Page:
We Asked – Where Have All the Poets Gone? TLS Joins the Search.

In Poetry Matters, as you may know,  we’ve been trying to spark some discussion across the poetry community about its apparent detachment from the unprecedented issues of social, political and economic degeneration all around us.

Could it be something to do with poetry’s widespread relocation to the university campus and ubiquitous ‘creative writing schools‘?

This was one hypothesis we had discussed in ‘ The Silence of the Poets ‘ quoting Dana Gioia’s chastening conclusion for the US:

“In social terms the identification of poet with teacher is now complete.

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Who Owns The Language ? Poet Harrison Repeats the Question

In his review of Tony Harrison’s ‘Collected Poems’, Gregory Dowling* sees Harrison’s poem “On Not Being Milton ” (from which see below) as “ suggesting a parallel between the northern poet raising his voice and the Luddite rebellion, in which the weavers smashed the new frames that were putting them out of work with sledge-hammers, known as ‘Enochs’.

‘Each swung cast-iron Enoch of Leeds stress
Clangs a forged music on the frames of Art,
The looms of owned language smashed apart..’

He suggests that the underlying thesis of this sequence of poems is to assert that it is by ‘owning’ the language that the ‘ ruling classes ’ have managed to maintain their social supremacy; so Harrison has taken up the task of speaking for those who cannot speak for themselves – “bringing the voices of the northern working classes into the classical forms of English poetry…”

Whether this justifies Dowling’s “ poetry as class-warfare” rhetoric is for discussion, but it is certainly the case that, for Harrison, poetry is a ‘job’, a ‘craft’, linked with and on behalf of his community – precisely that poetry of involvement that I have been talking about, and missing, in the context of other, more current social and economic disintegration. Continue Reading »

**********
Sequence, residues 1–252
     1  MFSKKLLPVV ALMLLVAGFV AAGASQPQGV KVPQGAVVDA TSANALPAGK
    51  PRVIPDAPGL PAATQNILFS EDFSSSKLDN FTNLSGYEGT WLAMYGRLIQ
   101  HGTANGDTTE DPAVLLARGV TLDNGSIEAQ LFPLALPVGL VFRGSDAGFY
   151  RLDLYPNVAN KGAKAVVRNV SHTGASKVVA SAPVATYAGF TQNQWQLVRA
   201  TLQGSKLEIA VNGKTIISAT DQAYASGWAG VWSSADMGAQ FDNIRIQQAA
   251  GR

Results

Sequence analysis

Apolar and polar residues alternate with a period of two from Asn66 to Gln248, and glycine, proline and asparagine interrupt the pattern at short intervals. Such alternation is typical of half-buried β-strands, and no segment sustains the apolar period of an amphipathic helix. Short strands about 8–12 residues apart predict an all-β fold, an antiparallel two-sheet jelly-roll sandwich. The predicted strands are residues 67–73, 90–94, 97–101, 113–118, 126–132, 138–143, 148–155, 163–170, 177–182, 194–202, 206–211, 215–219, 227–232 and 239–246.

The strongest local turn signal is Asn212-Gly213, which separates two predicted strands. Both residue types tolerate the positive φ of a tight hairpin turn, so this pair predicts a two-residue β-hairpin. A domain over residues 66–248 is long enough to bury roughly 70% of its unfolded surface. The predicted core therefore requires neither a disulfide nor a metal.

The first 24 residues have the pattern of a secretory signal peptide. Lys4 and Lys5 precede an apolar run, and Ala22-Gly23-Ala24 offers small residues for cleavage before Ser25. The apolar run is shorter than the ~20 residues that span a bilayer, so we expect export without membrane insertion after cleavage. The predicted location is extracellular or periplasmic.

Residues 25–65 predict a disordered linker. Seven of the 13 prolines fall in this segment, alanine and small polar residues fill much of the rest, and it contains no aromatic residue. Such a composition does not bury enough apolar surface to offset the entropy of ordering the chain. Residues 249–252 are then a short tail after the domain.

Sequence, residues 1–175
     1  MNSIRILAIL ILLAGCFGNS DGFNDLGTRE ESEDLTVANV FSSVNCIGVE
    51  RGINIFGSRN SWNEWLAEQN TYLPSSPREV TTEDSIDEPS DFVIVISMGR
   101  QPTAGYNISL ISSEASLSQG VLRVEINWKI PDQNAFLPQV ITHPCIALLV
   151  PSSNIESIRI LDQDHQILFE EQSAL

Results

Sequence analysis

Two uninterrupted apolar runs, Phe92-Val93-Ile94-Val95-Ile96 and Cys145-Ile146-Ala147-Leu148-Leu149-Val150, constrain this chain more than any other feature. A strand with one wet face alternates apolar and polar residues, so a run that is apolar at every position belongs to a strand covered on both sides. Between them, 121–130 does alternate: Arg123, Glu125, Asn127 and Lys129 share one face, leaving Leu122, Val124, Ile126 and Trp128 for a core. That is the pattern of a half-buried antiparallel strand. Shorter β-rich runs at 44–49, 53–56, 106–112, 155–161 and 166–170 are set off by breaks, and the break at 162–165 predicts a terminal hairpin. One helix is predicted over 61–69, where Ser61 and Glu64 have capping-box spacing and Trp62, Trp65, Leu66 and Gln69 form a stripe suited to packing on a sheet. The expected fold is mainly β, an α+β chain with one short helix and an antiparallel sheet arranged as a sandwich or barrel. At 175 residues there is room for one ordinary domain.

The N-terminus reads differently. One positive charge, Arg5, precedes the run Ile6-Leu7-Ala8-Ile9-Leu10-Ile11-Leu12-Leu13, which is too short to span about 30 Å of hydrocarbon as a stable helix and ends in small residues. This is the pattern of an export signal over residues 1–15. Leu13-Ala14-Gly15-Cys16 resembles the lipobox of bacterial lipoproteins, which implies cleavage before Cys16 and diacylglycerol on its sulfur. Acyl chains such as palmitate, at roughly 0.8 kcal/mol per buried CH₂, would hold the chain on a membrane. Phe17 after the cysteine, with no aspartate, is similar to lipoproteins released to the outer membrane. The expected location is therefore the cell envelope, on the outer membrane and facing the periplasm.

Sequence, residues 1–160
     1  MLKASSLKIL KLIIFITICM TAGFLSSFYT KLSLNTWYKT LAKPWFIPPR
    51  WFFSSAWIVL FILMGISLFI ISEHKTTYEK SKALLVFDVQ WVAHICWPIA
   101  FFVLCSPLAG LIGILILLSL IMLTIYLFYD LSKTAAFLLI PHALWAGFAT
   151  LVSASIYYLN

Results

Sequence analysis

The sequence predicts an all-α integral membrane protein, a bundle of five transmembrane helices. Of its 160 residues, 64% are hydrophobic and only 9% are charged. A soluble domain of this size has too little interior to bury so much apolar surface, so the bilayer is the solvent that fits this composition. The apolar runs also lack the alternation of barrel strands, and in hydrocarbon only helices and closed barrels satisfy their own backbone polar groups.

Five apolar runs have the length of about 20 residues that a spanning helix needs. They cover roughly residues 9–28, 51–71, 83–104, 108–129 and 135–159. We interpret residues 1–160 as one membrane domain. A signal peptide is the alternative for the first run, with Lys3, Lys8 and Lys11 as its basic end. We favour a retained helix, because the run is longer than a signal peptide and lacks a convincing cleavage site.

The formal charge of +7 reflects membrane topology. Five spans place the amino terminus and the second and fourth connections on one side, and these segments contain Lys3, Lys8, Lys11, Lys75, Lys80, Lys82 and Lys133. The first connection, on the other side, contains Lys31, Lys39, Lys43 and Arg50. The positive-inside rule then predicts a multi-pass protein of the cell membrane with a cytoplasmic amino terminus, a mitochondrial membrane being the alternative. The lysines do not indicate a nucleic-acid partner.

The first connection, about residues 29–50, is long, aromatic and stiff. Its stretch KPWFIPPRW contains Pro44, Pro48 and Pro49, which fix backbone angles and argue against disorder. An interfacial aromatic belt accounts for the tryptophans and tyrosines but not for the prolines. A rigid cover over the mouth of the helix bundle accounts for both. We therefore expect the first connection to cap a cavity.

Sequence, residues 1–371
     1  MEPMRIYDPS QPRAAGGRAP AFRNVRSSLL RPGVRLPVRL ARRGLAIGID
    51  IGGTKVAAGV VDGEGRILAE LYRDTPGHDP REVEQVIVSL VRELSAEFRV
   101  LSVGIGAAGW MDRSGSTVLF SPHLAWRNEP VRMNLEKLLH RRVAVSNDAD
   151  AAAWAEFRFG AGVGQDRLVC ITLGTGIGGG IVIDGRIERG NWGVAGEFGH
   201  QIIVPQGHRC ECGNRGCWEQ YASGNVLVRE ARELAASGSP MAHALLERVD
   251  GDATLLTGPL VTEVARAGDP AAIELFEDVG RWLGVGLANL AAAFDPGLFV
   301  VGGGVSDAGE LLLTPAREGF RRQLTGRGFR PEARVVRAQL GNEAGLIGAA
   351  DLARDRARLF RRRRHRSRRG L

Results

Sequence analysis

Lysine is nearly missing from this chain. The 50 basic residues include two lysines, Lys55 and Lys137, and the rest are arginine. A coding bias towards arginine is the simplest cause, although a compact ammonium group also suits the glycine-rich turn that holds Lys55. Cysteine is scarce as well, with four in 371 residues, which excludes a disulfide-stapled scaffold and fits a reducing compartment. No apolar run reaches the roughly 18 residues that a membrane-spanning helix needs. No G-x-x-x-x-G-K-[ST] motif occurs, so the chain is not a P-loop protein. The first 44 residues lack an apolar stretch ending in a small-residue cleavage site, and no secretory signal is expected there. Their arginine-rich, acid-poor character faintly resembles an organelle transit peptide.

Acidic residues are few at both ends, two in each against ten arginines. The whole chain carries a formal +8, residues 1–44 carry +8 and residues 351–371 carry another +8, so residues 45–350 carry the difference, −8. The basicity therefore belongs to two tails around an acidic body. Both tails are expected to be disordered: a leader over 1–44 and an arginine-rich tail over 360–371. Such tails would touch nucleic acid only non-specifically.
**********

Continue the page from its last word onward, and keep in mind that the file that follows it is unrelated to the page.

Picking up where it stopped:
Muse of Fire meets Society of Poets
PublishedJanuary 16, 2013 CategoryArts Social Action

Muse of Fire meets Society of Poets

Frederic Raphael’s review ( TLS December 2012 ) of ‘The Richard Burton Diaries’ ( editor Chris Williams, Yale University Press ) popped through my letter box at about the same time as my Winter helping of ‘Poetry Review’ and ‘Poetry News’ from my friends of the Poetry Society. Both brought welcome promise of enjoyment

Why, then, should the uninhibited soundings-off of a long dead, larger-than-life, mid-20th century thespian have locked on more immediately to what I and many others see as issues still critical to contemporary poetry, than the very latest Poetry News and impressive show-pieces from its leading professional Society ? Continue Reading »

The Poet as Critic and Mentor …
PublishedDecember 10, 2012 CategoryArts Social Action

The Poet as Critic and Mentor …

Dana Gioia is one of the greatest poets of his generation, distinguished translator and librettist, and astute contributor to the national Arts  scene in the United States, through his two terms as Chairman of the Federal Endowment for the Arts. One great legacy is the lively revival of poetry-speaking in US schools. He is no stranger to the UK poetry scene.